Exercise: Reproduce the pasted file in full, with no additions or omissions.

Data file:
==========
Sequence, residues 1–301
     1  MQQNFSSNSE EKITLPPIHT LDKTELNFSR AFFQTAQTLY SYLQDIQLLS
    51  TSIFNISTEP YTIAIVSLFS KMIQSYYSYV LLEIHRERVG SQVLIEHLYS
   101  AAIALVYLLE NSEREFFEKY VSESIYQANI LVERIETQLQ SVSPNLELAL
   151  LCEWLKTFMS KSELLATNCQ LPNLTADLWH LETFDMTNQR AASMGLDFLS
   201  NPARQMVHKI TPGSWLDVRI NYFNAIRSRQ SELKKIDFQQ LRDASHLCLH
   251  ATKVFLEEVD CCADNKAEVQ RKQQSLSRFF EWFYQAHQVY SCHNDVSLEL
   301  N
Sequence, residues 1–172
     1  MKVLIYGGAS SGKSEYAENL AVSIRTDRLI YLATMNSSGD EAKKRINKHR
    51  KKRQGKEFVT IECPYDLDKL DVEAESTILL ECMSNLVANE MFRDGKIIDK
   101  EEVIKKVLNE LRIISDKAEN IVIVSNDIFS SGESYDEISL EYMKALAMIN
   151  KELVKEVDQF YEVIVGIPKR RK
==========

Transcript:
Sequence, residues 1–301
     1  MQQNFSSNSE EKITLPPIHT LDKTELNFSR AFFQTAQTLY SYLQDIQLLS
    51  TSIFNISTEP YTIAIVSLFS KMIQSYYSYV LLEIHRERVG SQVLIEHLYS
   101  AAIALVYLLE NSEREFFEKY VSESIYQANI LVERIETQLQ SVSPNLELAL
   151  LCEWLKTFMS KSELLATNCQ LPNLTADLWH LETFDMTNQR AASMGLDFLS
   201  NPARQMVHKI TPGSWLDVRI NYFNAIRSRQ SELKKIDFQQ LRDASHLCLH
   251  ATKVFLEEVD CCADNKAEVQ RKQQSLSRFF EWFYQAHQVY SCHNDVSLEL
   301  N
Sequence, residues 1–172
     1  MKVLIYGGAS SGKSEYAENL AVSIRTDRLI YLATMNSSGD EAKKRINKHR
    51  KKRQGKEFVT IECPYDLDKL DVEAESTILL ECMSNLVANE MFRDGKIIDK
   101  EEVIKKVLNE LRIISDKAEN IVIVSNDIFS SGESYDEISL EYMKALAMIN
   151  KELVKEVDQF YEVIVGIPKR RK